Fanconi Anemia (FA) is a multi-genic disorder that results in progressive bone marrow failure and a strong predisposition to myelodysplastic syndrome and leukemia. FA proteins are involved in the cellular response to DNA damage by a largely unknown mechanism. A nuclear complex of at least 8 FA proteins is required for the monoubiquitination of FANCD2. Monoubiquitination of FANCD2 is required for resistance to the crosslinker mitomycin C. The ATR checkpoint kinase also regulates FANCD2 monoubiquitination and potentially links FANCD2 to the detection of DNA damage at the replication fork. The goal of this study is to understand the regulation and function of FANCD2 monoubiquitination, and thereby to better understand the collective role of FA proteins in promoting normal hematopoiesis. Certain FA proteins are mutated in spontaneous cancers in the general population, so these studies are also relevant to understanding how cancer develops.
The specific aims of the study are as follows: 1) Delineate mechanisms of the ATR-dependent regulation of FANCD2 monoubiquitination. How, and whether, MCM7 and Rad17, along with Rad9, cooperate to couple FANCD2 monoubiquitination to the detection of DNA damage at the replication fork will be determined. ShRNA-mediated suppression of these proteins in primary human CD34+ cells, and expression of mutants in an immortalized myeloid precursor line, will be utilized. Whether these DNA damage sensors prevent chromosomal instability and apoptosis in response to MMC will also be determined. 2) Determine whether defects in FANCD2 monoubiquitination and the assembly of FANCD2 foci results in chromosomal instability and sensitivity to MMC in CD34+ hematopoietic stem/progenitor cells. FANCD2 monoubiquitination will be inhibited by shRNA-mediated suppression of FANCA. Also, mechanisms involved in the recruitment of FANCD2 to blocked replication forks will be elucidated using real-time microscopy in cells reconstituted with EGFP- FANCD2. PROJECT NARRATIVE It is increasingly clear that alterations in some Fanconi anemia pathway proteins are involved in some spontanous cancers seen in the general population. Thus the studies described in this application may shed new light on both normal and abnormal stem cell function and on cancer formation.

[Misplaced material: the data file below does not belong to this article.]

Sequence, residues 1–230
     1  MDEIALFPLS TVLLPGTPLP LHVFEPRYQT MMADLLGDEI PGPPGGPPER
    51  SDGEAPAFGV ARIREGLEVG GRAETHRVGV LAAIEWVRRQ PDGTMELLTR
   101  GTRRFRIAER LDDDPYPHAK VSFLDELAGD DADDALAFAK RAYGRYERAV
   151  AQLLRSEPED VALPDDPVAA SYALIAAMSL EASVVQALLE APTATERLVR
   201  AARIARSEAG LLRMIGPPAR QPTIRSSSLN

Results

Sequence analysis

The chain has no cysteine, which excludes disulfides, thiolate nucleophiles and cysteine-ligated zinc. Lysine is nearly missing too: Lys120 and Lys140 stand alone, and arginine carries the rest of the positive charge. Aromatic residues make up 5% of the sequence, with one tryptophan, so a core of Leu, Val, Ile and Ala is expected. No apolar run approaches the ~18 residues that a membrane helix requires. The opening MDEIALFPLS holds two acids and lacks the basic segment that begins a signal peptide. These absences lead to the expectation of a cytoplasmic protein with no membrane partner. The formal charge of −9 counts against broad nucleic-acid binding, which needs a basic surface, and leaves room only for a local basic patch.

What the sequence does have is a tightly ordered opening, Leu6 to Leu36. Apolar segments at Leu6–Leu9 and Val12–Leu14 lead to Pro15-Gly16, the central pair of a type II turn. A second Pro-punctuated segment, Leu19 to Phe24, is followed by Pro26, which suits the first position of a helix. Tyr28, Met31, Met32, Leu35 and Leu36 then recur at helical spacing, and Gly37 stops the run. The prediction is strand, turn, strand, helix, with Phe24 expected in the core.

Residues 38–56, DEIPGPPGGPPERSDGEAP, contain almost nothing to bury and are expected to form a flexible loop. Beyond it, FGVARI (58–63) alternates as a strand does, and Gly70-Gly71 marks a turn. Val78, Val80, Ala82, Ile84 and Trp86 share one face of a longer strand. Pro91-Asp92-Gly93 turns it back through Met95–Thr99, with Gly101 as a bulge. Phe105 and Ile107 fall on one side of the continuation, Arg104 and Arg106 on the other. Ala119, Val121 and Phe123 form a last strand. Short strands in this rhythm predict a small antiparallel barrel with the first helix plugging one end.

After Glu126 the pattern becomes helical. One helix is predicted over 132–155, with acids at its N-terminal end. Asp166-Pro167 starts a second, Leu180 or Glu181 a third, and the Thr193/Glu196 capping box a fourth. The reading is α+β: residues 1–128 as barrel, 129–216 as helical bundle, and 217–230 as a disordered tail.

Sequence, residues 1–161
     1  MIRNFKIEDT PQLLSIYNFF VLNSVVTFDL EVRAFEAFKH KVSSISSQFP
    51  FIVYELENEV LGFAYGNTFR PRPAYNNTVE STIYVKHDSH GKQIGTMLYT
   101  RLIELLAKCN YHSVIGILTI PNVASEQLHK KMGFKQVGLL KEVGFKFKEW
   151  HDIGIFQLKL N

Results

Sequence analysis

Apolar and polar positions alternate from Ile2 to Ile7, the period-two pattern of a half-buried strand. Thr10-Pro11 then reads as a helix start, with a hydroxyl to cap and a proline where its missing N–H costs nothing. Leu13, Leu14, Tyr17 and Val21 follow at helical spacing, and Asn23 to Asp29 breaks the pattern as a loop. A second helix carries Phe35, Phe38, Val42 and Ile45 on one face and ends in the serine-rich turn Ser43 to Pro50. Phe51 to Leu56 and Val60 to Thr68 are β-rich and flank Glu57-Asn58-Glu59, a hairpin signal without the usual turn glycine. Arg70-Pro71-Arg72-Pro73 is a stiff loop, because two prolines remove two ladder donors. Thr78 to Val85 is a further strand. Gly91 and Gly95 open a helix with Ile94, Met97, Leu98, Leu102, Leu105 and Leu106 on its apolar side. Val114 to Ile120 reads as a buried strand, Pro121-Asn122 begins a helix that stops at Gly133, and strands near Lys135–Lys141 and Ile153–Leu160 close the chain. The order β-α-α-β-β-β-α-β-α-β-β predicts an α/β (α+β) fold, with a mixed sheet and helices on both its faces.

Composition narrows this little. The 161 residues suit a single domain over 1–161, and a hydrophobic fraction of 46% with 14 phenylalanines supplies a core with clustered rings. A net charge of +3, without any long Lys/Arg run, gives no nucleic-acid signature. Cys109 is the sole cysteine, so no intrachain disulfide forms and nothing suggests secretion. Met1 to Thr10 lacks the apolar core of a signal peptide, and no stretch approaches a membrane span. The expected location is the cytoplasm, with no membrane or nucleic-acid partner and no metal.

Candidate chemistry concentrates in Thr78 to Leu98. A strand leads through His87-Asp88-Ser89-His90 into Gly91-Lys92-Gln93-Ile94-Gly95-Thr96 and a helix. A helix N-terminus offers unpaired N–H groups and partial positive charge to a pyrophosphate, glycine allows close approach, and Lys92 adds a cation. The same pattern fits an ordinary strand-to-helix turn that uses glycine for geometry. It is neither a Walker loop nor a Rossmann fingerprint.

National Institute of Health (NIH)
National Heart, Lung, and Blood Institute (NHLBI)
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Hematopoiesis Study Section (HP)
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Qasba, Pankaj
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Cincinnati Children's Hospital Medical Center
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